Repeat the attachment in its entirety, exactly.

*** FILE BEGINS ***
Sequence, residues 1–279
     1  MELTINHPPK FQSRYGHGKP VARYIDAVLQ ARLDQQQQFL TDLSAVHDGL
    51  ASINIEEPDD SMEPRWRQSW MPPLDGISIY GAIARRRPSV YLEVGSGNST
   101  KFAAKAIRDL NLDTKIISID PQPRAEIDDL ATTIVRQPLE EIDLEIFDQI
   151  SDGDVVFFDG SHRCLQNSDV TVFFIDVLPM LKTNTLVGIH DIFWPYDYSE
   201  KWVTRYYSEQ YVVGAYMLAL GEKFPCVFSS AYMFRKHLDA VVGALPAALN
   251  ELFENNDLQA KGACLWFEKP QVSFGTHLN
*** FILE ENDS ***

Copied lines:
Sequence, residues 1–279
     1  MELTINHPPK FQSRYGHGKP VARYIDAVLQ ARLDQQQQFL TDLSAVHDGL
    51  ASINIEEPDD SMEPRWRQSW MPPLDGISIY GAIARRRPSV YLEVGSGNST
   101  KFAAKAIRDL NLDTKIISID PQPRAEIDDL ATTIVRQPLE EIDLEIFDQI
   151  SDGDVVFFDG SHRCLQNSDV TVFFIDVLPM LKTNTLVGIH DIFWPYDYSE
   201  KWVTRYYSEQ YVVGAYMLAL GEKFPCVFSS AYMFRKHLDA VVGALPAALN
   251  ELFENNDLQA KGACLWFEKP QVSFGTHLN